While concerns about the reliability of U.S. extended deterrence commitments have certainly intensified in recent years, this reflects a deeper apprehension among our allies and partners regarding their perceptions of declining American economic power and vitality, concerns about the predictability and future direction of American domestic politics, inconsistent U.S. foreign and national security policies (especially regarding allies and partners), and persistent questions about the long-term intentions of the United States to support its allies and lead the international community.
With the exception of India, each U.S. ally and partner in the Indo-Pacific is developing limited conventional counterforce and/or countervalue deterrent capabilities as a hedge against the possibility of abandonment by the United States. Each U.S. ally and partner in the Indo-Pacific possesses some degree of a latent nuclear capability, and (except of course, India) may pursue such a capability should confidence in U.S. extended deterrent commitments suffer an unlikely catastrophic collapse. Yet despite ongoing debates on the subject in some country’s foreign policy communities, no U.S. ally or partner in the Indo-Pacific is seriously considering the development of an indigenous nuclear capability at this time (except, of course, for India – which is the outlier in this analysis.
Unlike other U.S. allies and partners in the region, New Delhi views nuclear issues with China as a direct challenge – in fact, China has become India’s pacing challenge for its nuclear capabilities. Yet India’s nuclear calculations are more complex, in that it must also contend with Pakistan which, as one scholar wrote “places India in the unusual position of needing to deter a more powerful nuclear adversary, while intimidating a weaker opponent.”
I will conclude my remarks with a summary of my three policy recommendations to address ally and partner concerns.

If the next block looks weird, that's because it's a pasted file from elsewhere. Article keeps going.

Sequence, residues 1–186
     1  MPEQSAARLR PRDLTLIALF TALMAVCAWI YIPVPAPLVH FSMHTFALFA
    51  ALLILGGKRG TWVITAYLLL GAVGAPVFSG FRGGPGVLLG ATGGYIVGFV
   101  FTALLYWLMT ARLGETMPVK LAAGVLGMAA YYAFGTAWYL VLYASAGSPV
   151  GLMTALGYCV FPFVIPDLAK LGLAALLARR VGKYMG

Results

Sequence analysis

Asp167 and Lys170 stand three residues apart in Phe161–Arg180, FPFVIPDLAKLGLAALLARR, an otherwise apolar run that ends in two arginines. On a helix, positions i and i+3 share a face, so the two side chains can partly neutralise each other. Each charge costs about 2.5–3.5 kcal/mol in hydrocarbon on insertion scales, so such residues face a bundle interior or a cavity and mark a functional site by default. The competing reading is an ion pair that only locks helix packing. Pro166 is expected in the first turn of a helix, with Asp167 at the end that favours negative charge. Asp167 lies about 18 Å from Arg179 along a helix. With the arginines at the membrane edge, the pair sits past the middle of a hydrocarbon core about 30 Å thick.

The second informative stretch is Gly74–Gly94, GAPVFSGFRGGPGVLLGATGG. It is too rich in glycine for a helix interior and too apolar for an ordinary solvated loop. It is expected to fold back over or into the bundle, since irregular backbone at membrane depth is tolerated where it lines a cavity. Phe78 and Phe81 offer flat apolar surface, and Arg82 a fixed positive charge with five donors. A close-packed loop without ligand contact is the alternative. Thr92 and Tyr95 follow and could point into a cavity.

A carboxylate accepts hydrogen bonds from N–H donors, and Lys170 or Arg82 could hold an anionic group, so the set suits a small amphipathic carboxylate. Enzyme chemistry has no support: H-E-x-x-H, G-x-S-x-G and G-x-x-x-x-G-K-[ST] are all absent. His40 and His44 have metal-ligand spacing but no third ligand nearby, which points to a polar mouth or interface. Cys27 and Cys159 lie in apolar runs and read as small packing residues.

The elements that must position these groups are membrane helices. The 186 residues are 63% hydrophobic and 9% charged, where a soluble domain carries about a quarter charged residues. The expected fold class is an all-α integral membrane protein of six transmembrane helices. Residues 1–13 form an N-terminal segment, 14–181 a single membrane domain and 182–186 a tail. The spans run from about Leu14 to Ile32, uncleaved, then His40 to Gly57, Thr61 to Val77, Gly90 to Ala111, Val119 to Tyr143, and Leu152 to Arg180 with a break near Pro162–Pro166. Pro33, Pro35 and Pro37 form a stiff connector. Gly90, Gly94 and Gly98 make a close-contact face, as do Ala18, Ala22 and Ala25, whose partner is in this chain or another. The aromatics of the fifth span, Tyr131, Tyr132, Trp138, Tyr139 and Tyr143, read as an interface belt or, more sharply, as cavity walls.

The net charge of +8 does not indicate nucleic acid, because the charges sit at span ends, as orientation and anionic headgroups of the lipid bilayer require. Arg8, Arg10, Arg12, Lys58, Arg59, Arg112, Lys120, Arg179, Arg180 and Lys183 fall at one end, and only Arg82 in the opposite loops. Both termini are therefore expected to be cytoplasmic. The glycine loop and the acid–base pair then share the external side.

1: Maintain U.S. and Allied Conventional Military Advantages
Reestablishing expectations that the United States will maintain its conventional military advantages in the defense of its allies and partners would have a dramatic effect in improving confidence in American nuclear commitments. Indeed, maintaining the credibility of U.S. conventional deterrence would significantly reduce the risk of conflict in general, and nuclear use in particular.
2: Increase Risk Tolerance
The United States has an opportunity to be tactically active in response to pressure from China, which would send a signal of resolve to U.S. allies, partners, and adversaries alike. Operating within the guidelines of their own policies, the United States and its allies and partners should pre-plan peaceful military operations – such as multilateral exercises or combined maritime and air patrols – that can be executed quickly in response to a Chinese provocation.
3: Enhance Allied Deterrence Cooperation
The United States should accelerate efforts to empower its allies and partners to contribute more to regional conventional deterrence by establishing regular multilateral engagements examining conventional deterrence, and exploring possible revisions to joint regional force posture and distributed concepts of operations to account for emerging challenges and opportunities. This should include the deployment of U.S. conventional ground-based intermediate-range anti-ship cruise missiles.
Concurrently, the United States should consider a significant upgrade to its efforts to engage and reassure its Indo-Pacific allies on regional nuclear deterrence by broadening existing deterrence dialogues both geographically and substantively, turning them into a high-level mechanism for the United States and its allies to discuss deterrence and identify ways ahead.
Thank you again for inviting me, and I look forward to your questions.
Follow Abraham Denmark, director of the Asia Program, on Twitter @AbeDenmark.
The views expressed are the author's alone, and do not represent the views of the U.S. Government or the Wilson Center. Copyright 2020, Asia Program. All rights reserved.
About the Author
The Asia Program promotes policy debate and intellectual discussions on U.S. interests in the Asia-Pacific as well as political, economic, security, and social issues relating to the world’s most populous and economically dynamic region. Read more